I feel like I saw Urijah Faber go limp from a stiff Mike Brown shovel punch only three months ago. And yet, so much has changed in the nearly three year time period since Faber lost the featherweight title he had defended for so long. A domination of Jens Pulver, a rematch loss to Mike Brown, submission victory over Raphael Assuncao, and again a loss in the featherweight title fight against the reigning champion Jose Aldo Jr. had Faber in a bad position in the division in which he once saw six straight title fight victories. Faber decided it was time to make the drop to a more natural weight class, trimming off 10 extra pounds to make a run at the 135 pound title. Urijah is off to a 2-0 start in the division, and is now matched up in a title fight for the second time against Dominick Cruz- only this time the "California Kid" is the challenger.
Dominick "the Dominator" Cruz has certainly lived up to his namesake in his time at bantamweight, racking up seven straight in the division with three of the victories coming in title fights. A few months before his opponent on saturday lost his belt to Mike Brown, Dominick had picked up his first win at bantamweight to kick off his current streak that has him in serious discussion for a top pound-for-pound ranking. Cruz won the bantamweight championship first against Brian Bowles, who was himself coming off an underdog victory against the longtime bantamweight kingpin in Miguel Torres. Cruz went on to rematch Joseph Benavidez- who originally put his undefeated streak on the line against Cruz in a Fight of the Night loss that propelled Cruz to a title shot- in a shocking split decision win that saw Dominick gain timely takedowns and stifle much of Joseph's offense over the 5 rounds with superior speed, lengthier limbs, and strange-angled counterpunches. He most recently defeated Scott Jorgensen, an intimidating powerhouse who had gone on a four fight tear (including a brutal guillotine choke against Chad George) in the bantamweight division, in the same dominating and elusive manner that showcased his incredible weaving footwork and seemless combinations and takedowns.
I have two things that I think will play the biggest factors in this fight- Dominick's wrestling and Urijah's submissions. I think one of Cruz's biggest assets in his recent run has been how amazing his wrestling looks; it seems like he is able to shuck off his opponents or use his flashy footwork to keep himself from their range. It would be one situation if he weren't fighting elite wrestlers, but Dominick completed nullified Scott Jorgensen and Joseph Benavidez, respectively a 3-time Pac 10 champion and a New Mexico High School State Champion. Not only do both of these fighters have the pedigree, but they have adapted their background into a complete skillset that complements their striking- and Cruz was able to thoroughly dominate both in the wrestling department. The second biggest factor, Urijah's submissions, is something I feel that no one but Urijah himself elaborates on when complementing Faber's abilities. Over half of Urijah's wins have come via submission, including against a few of the best grapplers in the lighter weight classes in Jeff Curran, Raphael Assuncao, and Dominick Cruz. Faber snatched a tight guillotine when Dominick shot a double leg, rolled into mount with the guillotine still gripped, and forced the tapout. Faber's compact frame and thick arms make the guillotine his greatest submission asset, and he's claimed victory four times in the cage in this manner- against Pulver, Cruz, Curran, and WEC vet Charlie Valencia. Urijah's submission of Curran is impressive, but far moreso in my eyes was his rear naked choke victory over Raphael Assuncao, who possesses high level BJJ of his own right.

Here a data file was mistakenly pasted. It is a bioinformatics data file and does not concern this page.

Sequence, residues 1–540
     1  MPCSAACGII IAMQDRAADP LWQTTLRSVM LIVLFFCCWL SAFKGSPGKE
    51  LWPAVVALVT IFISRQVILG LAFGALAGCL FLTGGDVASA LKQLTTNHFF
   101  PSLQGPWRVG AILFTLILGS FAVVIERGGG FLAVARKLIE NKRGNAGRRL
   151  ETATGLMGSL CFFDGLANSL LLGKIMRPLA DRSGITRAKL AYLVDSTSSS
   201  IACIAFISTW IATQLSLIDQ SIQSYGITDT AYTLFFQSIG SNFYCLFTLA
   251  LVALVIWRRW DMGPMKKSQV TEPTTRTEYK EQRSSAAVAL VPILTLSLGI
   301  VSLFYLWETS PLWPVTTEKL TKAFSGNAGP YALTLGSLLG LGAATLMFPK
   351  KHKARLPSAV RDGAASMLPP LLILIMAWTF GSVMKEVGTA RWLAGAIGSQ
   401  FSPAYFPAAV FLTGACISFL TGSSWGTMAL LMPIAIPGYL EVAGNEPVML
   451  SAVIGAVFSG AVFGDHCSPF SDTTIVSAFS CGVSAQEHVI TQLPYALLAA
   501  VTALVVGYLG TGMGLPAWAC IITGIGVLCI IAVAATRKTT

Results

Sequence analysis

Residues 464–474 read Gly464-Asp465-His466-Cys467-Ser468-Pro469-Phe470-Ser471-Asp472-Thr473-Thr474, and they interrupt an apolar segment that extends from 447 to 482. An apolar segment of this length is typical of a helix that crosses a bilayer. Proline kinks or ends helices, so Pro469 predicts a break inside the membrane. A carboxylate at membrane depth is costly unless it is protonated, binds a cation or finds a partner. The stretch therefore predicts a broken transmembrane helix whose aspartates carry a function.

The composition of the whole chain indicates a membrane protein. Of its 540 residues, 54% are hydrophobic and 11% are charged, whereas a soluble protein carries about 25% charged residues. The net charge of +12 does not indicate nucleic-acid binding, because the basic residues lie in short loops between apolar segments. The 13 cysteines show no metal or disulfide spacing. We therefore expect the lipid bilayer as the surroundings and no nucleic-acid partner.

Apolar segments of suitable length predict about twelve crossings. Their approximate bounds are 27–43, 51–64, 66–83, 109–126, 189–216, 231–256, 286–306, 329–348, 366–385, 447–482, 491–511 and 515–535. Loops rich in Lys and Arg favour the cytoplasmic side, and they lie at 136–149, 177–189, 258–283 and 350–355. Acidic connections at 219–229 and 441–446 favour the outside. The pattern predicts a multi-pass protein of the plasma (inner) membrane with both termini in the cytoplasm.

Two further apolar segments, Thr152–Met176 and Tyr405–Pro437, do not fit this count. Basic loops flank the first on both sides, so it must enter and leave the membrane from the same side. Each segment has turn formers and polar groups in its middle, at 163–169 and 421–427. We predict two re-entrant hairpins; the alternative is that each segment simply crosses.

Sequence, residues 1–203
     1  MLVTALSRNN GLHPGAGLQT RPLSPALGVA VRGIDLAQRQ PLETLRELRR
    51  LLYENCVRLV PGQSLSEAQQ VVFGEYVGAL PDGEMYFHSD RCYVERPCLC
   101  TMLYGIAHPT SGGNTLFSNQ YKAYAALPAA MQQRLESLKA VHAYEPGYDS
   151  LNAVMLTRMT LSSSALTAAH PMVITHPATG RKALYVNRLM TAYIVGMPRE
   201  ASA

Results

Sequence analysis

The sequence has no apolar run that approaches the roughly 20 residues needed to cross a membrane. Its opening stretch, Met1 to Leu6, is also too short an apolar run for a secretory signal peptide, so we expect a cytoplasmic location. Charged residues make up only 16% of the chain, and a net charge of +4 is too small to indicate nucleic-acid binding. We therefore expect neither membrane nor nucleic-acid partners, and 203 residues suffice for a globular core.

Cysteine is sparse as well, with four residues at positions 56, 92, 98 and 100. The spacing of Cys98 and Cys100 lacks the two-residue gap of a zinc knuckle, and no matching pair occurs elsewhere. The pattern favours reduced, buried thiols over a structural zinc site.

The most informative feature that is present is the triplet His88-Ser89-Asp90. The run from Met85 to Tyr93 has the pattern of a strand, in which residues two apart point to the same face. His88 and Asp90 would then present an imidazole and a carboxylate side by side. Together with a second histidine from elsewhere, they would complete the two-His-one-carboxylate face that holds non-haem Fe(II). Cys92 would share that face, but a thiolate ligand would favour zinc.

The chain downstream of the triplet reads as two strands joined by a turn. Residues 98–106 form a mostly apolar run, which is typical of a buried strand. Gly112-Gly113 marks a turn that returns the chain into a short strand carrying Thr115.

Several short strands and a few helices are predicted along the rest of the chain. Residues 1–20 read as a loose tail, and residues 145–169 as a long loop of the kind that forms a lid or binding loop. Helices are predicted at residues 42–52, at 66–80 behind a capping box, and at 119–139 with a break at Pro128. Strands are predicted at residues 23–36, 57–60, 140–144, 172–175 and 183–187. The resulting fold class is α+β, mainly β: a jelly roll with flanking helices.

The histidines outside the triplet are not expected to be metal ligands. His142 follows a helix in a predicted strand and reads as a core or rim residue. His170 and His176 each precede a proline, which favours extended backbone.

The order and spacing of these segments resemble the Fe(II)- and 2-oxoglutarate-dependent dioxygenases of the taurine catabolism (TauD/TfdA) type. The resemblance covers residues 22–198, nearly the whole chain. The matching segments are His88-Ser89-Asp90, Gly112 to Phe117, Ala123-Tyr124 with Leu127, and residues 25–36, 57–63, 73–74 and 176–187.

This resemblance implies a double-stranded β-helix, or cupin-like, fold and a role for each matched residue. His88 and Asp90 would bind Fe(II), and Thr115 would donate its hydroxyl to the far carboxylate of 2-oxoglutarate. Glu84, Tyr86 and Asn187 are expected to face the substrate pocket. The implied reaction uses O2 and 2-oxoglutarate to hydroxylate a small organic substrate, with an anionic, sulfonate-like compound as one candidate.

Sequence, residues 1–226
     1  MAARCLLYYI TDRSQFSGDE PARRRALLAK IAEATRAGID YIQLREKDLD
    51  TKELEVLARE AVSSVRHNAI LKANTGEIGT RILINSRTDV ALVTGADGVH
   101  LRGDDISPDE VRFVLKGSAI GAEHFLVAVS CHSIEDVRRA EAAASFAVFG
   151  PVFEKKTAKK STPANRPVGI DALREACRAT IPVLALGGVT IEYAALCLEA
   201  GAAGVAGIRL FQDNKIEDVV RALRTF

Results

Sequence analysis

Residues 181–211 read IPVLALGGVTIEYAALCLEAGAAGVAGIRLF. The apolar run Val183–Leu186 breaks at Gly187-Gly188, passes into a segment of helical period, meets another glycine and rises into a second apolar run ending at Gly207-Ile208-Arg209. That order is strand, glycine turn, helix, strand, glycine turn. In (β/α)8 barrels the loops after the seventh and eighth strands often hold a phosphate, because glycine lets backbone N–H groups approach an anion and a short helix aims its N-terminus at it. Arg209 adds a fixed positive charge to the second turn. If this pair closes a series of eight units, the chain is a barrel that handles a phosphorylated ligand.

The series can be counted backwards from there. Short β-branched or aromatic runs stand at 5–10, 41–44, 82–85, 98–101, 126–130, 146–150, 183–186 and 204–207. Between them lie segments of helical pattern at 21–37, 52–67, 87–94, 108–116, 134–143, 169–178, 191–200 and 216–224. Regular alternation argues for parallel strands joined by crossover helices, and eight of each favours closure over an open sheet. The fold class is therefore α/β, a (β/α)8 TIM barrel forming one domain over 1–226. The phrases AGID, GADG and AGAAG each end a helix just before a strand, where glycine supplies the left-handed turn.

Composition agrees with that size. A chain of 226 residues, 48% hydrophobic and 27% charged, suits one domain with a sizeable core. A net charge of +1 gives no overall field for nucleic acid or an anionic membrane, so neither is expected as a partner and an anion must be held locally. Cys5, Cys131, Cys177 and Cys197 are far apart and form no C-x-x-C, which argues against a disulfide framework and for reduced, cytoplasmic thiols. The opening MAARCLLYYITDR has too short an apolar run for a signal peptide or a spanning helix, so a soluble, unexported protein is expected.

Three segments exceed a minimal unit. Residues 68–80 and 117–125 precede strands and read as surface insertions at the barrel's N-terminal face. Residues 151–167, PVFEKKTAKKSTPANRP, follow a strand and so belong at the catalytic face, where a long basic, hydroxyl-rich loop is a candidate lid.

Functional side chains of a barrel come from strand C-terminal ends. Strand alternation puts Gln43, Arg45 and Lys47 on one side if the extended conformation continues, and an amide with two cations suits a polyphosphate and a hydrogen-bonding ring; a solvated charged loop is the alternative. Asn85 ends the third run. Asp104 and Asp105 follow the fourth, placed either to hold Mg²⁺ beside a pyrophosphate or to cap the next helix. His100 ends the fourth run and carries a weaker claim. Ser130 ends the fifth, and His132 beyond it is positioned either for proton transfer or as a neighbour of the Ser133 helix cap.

Cruz's wrestling and Faber's submissions may be the two biggest factors in the fight, but I believe this scrap will come down to how aggressive Faber is. I've said in the past that I think the times that Dominick is the most vulnerable in the cage is when he is backpedaling, because although he has elite speed and balance, the unorthodox footwork he utilizes and strange angles he takes quite often puts him horizontal against his opponent. This hasn't been a problem, as he was longer than both his challengers and much faster than Jorgensen. Against Faber though, he's in for a whole new beast. Faber can match his speed and footwork, and is also a student of the game- so in my mind, there's no doubt that he will have figured out a strategy to cut off the cage and corner Dominick. If this happens, I suspect that Cruz will look for a takedown, so don't be surprised if a similar ending to their first matchup befalls Cruz. That being said, this fight is INCREDIBLY hard to predict. Those that think they have the answer set in stone are most likely not objectively analyzing the fight, because both of these fighters are the best the bantamweight division has to offer, and would likely be ranked fighters in a weight class or two above. Cruz and Faber are truly fantastic mixed martial artists that possess great cardio, speed, reflexes, technique, striking, wrestling, jiu-jitsu- basically every skillset necessary to be a complete mixed martial artist.
Questions: Will Faber let his emotions get to his head in this fight and get too aggressive, leaving room for Cruz to capitalize? Against the best MMA wrestler he's faced, will Cruz still be able to gain takedowns and plant Faber on the mat? What strategy has Faber decided would be the best to neutralize Dominick's footwork and elusive style? Does Faber try to stand with Cruz, or does he first look to test Cruz's defensive wrestling- and if he's successful in taking the fight to the ground is he going to maintain position and win rounds or will he be aggressive and look to outgrapple Cruz?
The FanPosts are solely the subjective opinions of Bloody Elbow readers and do not necessarily reflect the views of Bloody Elbow editors or staff.